What will the future of Ft. Monmouth include?
Monmouth County residents voice ideas on future uses for Fort Monmouth
Posted by the Asbury Park Press on 06/12/07
BY KEITH BROWN
COASTAL MONMOUTH BUREAU
WEST LONG BRANCH — The gravity of creating an entirely new community carved from 1,100 acres of real estate that has been guarded, gated and protected by the Army for nearly a
century was not lost on the nearly 300 people who came to discuss the reuse of Fort Monmouth tonight.
They came to the Pollack Auditorium on the campus of Monmouth University for the first of five public sessions designed to elicit input into the redevelopment of the 90-year-old post, which is scheduled to close on Sept. 15, 2011.
They were beseeched for more than an hour in official speeches by members of the fort’s redevelopment authority and their reuse consultants to come armed with ideas, and to keep coming for further sessions, which are scheduled in rapid succession for the remainder of the month.
But when it was time to voice their ideas, they flew like buckshot.
High tech center. State university. Nanotechnology research. Transportation hub. Green space. Bicycle trails. Affordable housing. Bird sanctuary.
“I don’t want to look back at what this (Fort Monmouth) became and say I didn’t participate,” said Jim Grenafege of Middletown. “I have a stake in it.”
Some ideas bounced around toward the end of the more than two-hour session were more amorphous than others, but overall it was a good start to a double-time process to beat a federal Dec. 8 deadline to draft a master plan for the fort, members of the fort’s redevelopment authority said.
“We heard a lot of ideas from people tonight,” said Tinton Falls Mayor Peter Maclearie. “A lot of ideas we haven’t heard before.”
The Fort Monmouth Economic Revitalization Planning Authority — the 10-member panel charged with mapping a post-fort future — along with members of their redevelopment consultants called tonight’s meeting as an introduction to the public input process of crafting a re-use plan.
Other sessions — which are scheduled to delve into greater detail — are planned for June 18, 19, 21 and 25. They will be held in Eatontown, Oceanport, Tinton Falls and Freehold, respectively.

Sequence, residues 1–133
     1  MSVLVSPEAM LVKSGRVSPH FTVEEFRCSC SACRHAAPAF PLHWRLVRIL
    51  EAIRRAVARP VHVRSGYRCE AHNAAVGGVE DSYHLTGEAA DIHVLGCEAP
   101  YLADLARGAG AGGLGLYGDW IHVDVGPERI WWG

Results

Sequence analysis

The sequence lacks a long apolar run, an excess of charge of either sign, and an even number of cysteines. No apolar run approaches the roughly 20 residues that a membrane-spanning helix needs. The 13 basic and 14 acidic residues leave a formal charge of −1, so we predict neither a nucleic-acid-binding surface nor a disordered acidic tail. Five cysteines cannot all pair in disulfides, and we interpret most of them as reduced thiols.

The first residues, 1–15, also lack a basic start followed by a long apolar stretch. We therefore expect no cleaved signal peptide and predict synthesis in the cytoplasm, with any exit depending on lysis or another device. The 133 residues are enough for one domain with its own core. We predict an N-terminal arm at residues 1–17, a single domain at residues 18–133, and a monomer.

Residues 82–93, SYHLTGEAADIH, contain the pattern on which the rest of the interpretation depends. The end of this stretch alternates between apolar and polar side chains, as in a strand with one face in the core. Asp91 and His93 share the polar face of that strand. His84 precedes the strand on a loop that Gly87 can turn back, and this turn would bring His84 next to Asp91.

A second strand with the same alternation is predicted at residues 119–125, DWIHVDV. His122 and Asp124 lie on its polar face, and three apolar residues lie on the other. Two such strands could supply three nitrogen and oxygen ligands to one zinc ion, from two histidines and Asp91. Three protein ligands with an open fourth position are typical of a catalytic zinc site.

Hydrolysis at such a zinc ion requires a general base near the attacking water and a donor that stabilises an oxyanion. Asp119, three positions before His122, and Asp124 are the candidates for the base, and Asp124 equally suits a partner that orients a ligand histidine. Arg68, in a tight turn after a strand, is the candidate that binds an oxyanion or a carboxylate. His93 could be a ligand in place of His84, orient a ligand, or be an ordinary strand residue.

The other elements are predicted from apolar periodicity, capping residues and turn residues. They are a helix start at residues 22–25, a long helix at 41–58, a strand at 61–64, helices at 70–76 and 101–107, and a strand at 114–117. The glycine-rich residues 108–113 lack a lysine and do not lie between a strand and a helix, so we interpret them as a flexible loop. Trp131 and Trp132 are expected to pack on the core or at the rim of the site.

The sessions are the first phase of master plan creation process that will yield — in double time — a workable reuse plan for the fort’s more than 1,100 acres, according to Tim Delorm, a vice president of EDAW Inc., the San Francisco-based firm hired by the fort’s redevelopment authority to craft the reuse plan.
Representatives from EDAW previously have told the authority it usually takes 12 to 18 months to draft a reuse plan for a closed military installation. Fort Monmouth’s redevelopment plan must be crafted by Dec. 8, according to the federal law that closed the post.
Delorm has since somewhat backed off the 18-month claim. At a news conference earlier this month to kick off the first phase of the redevelopment process, he said a project the size of Fort Monmouth would normally take about a year.
Delorm also said, however, that the surrounding communities — Eatontown, Oceanport and Tinton Falls — have shaved months off the first phase of the process by mapping out their objectives in their respective master plans.
Eatontown has mapped out a redevelopment plan for the fort’s Howard Commons area — a 42-acre tract of abandoned and dilapidated military housing off Pine Brook Road near the Tinton Falls boundary. That process, Tarantolo said, took six months.
Tinton Falls, which continues to debate a master plan review it began more than a year ago, has sketched a plan for the roughly 250 acres it stands to inherit. And Oceanport is in the midst of holding public workshops to define what it would like to see in the more than 400 acres it will gain when the post closes.
But each of the mayors of the fort’s host towns said at a Saturday press conference that their master plans are more guidelines than mandates because federal government is not bound by local planning rules.
While some who attended tonight’s session said they were unsure exactly what they would like to see the fort become, others, like Brian McGuire of Ocean Township, were quite certain what they didn’t want to see.
“The last thing I want to hear is that they put up a bunch of McMansions,” McGuire said.